So opens the gripping Gothic novel, Uncle Silas. I have always wondered what universal trait causes people to enjoy with such relish the sensation of being frightened … in the right dose, that is, and from the safety of one’s living room sofa. The rise of the Gothic novel began in the late 18th century and can take credit for starting the western tradition of thrillers, horror tales, ghost stories and sensationalism in storytelling and entertaining. This type of novel originally took place in medieval eras which earned it the appellation “Gothic,” after the Gothic style architecture of that time. The genre kept its name, however, even when the Victorian writers began to move toward more contemporary settings, such as in Jane Eyre, for example.
Typical characteristics of a Gothic novel include: horror, castles or mansions (usually in decay), elements of the supernatural, psychosis, damsels in distress (often locked up), bad omens, an overall atmosphere of suspense, a tyrannical male and a Gothic hero, among many other attributes. While it is easy today to make a parody of these elements, it is also easy to see why this genre was so immensely popular then — and why it remains so today. Joseph Thomas Sheridan Le Fanu’s Uncle Silas encompasses nearly all of these elements, with the exception of the supernatural, and also weaves in what is now termed a “locked room mystery,” or a murder mystery in which a murder occurs in seemingly impossible circumstances, such as within a locked room that no one could have conceivably entered to commit the crime.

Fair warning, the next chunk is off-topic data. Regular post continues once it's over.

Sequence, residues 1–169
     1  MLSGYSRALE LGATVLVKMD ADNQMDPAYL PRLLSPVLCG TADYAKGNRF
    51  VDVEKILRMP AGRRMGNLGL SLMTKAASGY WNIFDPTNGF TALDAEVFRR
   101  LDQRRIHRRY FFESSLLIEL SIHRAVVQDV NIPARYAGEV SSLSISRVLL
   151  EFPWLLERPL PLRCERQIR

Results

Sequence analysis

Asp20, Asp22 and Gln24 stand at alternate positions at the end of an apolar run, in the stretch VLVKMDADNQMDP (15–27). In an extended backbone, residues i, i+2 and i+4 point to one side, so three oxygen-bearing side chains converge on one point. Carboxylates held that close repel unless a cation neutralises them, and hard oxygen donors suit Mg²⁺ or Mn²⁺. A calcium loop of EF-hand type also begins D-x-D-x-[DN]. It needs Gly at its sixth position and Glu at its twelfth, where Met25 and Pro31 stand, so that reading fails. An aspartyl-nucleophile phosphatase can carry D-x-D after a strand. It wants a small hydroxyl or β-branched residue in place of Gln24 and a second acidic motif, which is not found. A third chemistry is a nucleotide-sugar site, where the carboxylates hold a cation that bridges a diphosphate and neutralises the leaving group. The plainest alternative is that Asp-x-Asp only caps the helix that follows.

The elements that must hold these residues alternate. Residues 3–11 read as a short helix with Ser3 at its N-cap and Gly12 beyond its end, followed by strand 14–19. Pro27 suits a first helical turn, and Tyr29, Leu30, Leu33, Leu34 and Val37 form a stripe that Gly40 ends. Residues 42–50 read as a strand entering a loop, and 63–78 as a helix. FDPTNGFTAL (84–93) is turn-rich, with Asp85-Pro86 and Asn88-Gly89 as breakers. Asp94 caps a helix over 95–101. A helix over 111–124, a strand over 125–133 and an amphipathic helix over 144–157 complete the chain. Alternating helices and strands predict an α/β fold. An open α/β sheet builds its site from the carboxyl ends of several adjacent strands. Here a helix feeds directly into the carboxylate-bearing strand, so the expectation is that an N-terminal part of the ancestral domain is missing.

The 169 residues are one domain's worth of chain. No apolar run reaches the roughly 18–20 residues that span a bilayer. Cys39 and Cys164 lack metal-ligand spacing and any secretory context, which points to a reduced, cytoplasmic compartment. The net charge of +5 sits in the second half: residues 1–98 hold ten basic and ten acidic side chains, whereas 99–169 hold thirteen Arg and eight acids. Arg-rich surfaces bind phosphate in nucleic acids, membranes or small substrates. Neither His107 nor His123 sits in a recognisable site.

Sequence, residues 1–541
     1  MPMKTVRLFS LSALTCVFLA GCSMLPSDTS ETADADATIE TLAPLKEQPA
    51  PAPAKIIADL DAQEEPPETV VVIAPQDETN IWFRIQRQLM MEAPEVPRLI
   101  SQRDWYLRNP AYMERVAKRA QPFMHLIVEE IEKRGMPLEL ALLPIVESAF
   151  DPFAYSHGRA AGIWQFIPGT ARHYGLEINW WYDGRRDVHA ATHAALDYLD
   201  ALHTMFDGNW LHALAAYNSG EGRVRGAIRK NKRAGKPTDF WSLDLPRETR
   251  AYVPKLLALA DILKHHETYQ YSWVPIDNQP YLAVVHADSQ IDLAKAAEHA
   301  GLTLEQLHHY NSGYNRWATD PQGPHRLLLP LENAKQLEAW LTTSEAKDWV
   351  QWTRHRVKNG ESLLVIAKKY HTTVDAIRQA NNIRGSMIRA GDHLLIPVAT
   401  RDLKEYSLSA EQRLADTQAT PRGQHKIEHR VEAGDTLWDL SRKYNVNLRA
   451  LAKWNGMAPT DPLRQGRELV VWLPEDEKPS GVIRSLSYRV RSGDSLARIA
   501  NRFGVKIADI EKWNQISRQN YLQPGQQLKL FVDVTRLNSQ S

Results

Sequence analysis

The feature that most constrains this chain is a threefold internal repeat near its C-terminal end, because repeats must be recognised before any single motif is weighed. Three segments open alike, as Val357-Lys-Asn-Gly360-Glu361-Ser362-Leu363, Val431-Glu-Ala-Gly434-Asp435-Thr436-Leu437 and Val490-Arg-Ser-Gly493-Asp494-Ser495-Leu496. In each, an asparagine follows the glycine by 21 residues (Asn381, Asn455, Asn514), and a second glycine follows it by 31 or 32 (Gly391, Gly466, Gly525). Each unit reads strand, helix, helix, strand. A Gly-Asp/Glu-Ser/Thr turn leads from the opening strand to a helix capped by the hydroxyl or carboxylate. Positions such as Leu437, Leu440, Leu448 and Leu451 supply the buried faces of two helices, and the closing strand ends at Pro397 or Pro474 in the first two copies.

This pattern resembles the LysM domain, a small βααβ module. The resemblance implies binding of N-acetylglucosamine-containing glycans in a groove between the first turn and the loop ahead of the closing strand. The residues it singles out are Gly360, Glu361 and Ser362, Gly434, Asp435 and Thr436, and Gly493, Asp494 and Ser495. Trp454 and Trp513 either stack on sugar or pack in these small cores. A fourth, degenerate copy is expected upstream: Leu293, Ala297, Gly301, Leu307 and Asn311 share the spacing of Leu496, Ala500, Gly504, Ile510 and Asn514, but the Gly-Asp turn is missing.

Uncle Silas is narrated by 17-year-old Maud Ruthyn who recounts the events leading up to her father’s death and her subsequent departure to live with his brother, her Uncle Silas. In Devendra Varma’s introduction to the Folio Society edition, he writes, “As the plot thickens, Le Fanu works upon the reader’s sense of fear and terror through traditional Gothic machinery — dismal, decaying mansion, haunted chambers, burning eyes, midnight whisperers, and hired assassins … It is a psychological thriller in which the tension is built up with consummate skill … His work does not belong to the conventional school of traditional spooks mantled in white or grey, with phosphorescent glow, clanking chain, moans and groans. His spectres — far more terrible — are contained in the brains of the haunted.”
While it falls neatly into the Gothic genre, Uncle Silas yet stands alone. Not only is it an intriguing story, but Le Fanu’s writing is absolutely marvelous. He is truly a master of suspense as I read each page fraught with anxiety, yet the gradual ascent to the climax has relatively little actual horror until the close of the novel. As Alfred Hitchcock realized with films, the terror of a story is often more defined by what is unseen and left to the imagination’s ponderings.
Le Fanu’s power of description and character development is captivating and serves to further enrich the tale. Varma describes his characters as coming “picturesquely alive through their facial expressions, mannerisms and tricks of speech.”
While it is considered improbable that there was a corresponding influence between the two, Uncle Silas does have some striking similarities to another of my favorite gothic novels — Wilkie Collins’ The Woman in White, which is considered the first novel in the detective genre. I highly recommend both!
The reading experience with this particular edition was further enhanced by Charles Stewart’s illustrations. Aiming to emulate the style of Victorian etchings and engravings, Stewart’s meticulous depictions of the events throughout Uncle Silas capture the incessant unease of the story and add an entirely new level of horror.